Scientists from Glasgow Caledonian University (GCU) and the University of Glasgow also discovered that younger men were less likely to test for HIV if they did not have a university degree, and where they live influenced non-testing among both older and younger men - specifically in Wales and the Republic of Ireland.
The research, analysed data from 2436 men living in the Celtic nations of Scotland, Northern Ireland, Wales and the Republic of Ireland, who use online gay websites and apps to meet other men, to find out if age was a factor in the frequency of HIV testing in these nations.
Some three per cent of the UK population identify as gay, bisexual and other men who have sex with men, but they still bear the greatest burden of HIV, with 54 per cent of all new diagnosis being among this group. Evidence shows that 37 per cent of HIV positive men who have sex with men in Scotland are currently undiagnosed.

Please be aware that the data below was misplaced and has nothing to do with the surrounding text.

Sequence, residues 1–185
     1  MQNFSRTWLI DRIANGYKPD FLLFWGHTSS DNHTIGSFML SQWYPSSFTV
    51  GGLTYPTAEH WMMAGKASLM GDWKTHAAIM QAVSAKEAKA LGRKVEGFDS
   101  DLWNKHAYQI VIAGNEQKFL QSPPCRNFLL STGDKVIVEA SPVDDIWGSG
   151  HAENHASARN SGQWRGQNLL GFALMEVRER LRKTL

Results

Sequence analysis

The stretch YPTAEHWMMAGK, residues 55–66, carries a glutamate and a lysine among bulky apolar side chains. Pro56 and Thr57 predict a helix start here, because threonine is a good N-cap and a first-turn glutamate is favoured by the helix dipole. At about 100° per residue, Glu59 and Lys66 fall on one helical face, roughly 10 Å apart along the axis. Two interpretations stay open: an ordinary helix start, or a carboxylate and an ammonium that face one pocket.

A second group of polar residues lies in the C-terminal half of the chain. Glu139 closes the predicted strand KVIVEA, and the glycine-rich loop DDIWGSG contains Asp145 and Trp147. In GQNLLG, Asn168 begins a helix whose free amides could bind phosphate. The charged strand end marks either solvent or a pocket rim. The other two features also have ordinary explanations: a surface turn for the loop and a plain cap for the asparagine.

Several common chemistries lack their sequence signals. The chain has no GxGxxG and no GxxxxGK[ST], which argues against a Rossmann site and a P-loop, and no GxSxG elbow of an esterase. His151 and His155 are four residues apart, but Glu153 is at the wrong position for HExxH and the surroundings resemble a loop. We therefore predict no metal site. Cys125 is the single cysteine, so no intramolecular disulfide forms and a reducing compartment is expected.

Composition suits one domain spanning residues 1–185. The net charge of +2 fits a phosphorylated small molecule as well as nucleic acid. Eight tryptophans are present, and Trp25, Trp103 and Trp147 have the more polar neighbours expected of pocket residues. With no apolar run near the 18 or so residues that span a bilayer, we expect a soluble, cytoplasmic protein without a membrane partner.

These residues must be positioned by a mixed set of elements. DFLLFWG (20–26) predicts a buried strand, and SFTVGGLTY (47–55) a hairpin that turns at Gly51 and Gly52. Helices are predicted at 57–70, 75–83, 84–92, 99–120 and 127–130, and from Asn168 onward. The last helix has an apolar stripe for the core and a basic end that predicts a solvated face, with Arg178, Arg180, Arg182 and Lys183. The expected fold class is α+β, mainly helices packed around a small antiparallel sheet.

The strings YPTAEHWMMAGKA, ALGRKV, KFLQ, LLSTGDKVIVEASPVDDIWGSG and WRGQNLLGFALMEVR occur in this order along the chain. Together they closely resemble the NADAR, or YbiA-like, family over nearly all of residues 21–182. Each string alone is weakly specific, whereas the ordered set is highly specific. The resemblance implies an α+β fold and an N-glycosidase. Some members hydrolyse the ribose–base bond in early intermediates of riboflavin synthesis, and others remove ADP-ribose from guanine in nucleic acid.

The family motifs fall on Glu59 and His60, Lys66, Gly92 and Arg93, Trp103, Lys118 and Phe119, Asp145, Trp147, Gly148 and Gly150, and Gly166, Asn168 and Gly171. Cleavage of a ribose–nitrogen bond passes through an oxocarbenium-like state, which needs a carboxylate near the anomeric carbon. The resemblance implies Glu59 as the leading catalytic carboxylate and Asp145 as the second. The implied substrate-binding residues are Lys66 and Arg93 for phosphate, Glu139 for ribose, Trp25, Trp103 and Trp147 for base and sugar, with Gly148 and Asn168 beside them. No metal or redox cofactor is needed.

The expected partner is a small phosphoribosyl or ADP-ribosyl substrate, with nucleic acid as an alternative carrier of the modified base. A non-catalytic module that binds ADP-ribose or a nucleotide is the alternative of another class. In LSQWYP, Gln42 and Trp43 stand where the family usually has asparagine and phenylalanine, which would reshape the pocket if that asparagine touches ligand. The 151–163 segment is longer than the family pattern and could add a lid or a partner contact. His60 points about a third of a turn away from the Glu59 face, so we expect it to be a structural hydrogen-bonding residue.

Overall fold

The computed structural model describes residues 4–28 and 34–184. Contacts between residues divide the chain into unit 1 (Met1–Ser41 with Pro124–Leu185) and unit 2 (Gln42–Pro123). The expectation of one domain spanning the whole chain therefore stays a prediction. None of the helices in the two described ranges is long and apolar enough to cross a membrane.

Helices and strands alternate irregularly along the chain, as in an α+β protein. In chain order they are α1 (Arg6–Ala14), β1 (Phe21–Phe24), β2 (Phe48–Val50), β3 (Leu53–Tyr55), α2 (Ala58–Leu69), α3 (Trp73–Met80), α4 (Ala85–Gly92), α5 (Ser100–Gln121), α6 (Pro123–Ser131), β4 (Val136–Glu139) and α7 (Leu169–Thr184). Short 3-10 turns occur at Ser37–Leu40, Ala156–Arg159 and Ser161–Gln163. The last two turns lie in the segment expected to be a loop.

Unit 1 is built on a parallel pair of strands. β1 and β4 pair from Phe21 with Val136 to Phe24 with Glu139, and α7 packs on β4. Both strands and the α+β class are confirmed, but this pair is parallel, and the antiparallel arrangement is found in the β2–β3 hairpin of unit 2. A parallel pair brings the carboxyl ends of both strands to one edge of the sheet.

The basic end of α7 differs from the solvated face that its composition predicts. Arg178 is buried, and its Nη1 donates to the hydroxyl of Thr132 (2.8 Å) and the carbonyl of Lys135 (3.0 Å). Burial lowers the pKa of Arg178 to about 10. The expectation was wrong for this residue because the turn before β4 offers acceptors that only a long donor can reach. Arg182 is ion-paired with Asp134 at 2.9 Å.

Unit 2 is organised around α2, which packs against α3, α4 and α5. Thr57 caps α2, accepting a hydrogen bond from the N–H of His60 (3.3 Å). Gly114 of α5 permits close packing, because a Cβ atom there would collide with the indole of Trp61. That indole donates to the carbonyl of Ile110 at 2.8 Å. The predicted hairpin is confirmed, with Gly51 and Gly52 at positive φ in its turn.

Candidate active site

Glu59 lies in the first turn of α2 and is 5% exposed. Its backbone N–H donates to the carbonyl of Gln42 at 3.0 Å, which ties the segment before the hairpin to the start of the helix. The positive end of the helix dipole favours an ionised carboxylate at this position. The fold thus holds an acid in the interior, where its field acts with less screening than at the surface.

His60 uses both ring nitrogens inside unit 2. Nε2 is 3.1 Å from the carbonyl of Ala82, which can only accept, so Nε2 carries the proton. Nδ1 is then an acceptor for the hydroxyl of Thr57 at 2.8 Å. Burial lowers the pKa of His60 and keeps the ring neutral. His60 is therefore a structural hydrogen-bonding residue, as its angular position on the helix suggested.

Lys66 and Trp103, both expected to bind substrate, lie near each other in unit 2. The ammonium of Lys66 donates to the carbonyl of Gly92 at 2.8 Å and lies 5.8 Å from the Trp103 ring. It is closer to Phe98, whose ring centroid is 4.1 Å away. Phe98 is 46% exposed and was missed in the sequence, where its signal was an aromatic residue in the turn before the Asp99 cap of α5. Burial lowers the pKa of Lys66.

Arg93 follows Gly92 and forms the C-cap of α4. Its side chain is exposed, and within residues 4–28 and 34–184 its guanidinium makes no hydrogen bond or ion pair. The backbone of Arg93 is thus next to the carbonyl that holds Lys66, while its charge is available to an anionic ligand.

To better understand why certain age groups tested less for HIV, the researchers analysed pre-existing data collected in 2016 through the large-scale social media men who have sex with men sexual and holistic health study (SMMASH2), led by Dr Frankis.
Dr Frankis, reader in sexual health psychology at GCU, said yesterday that the mass homophobia from the ‘80s and the introduction of the controversial Section 28 clause, an amendment to the Local Government Act 1988 banning local authorities and schools from “promoting” homosexuality, could still be damaging the health of the older gay male population.
He said: “Homophobic stigma is having a negative impact on the health of our older men but not younger men who’ve lived through periods with less homophobia and greater equality.
“Our research showed stigma was only associated with less recent HIV testing for older men. However, not identifying as gay was related to less HIV testing for men aged 26 and above.
“For older men, it looks like the barriers seem to come up in terms of your own management of sexual identity within the wider culture you are living in. That would speak to the homophobia that was present in the ‘80s at the onset of HIV.
The findings have been published in the British Medical Journal.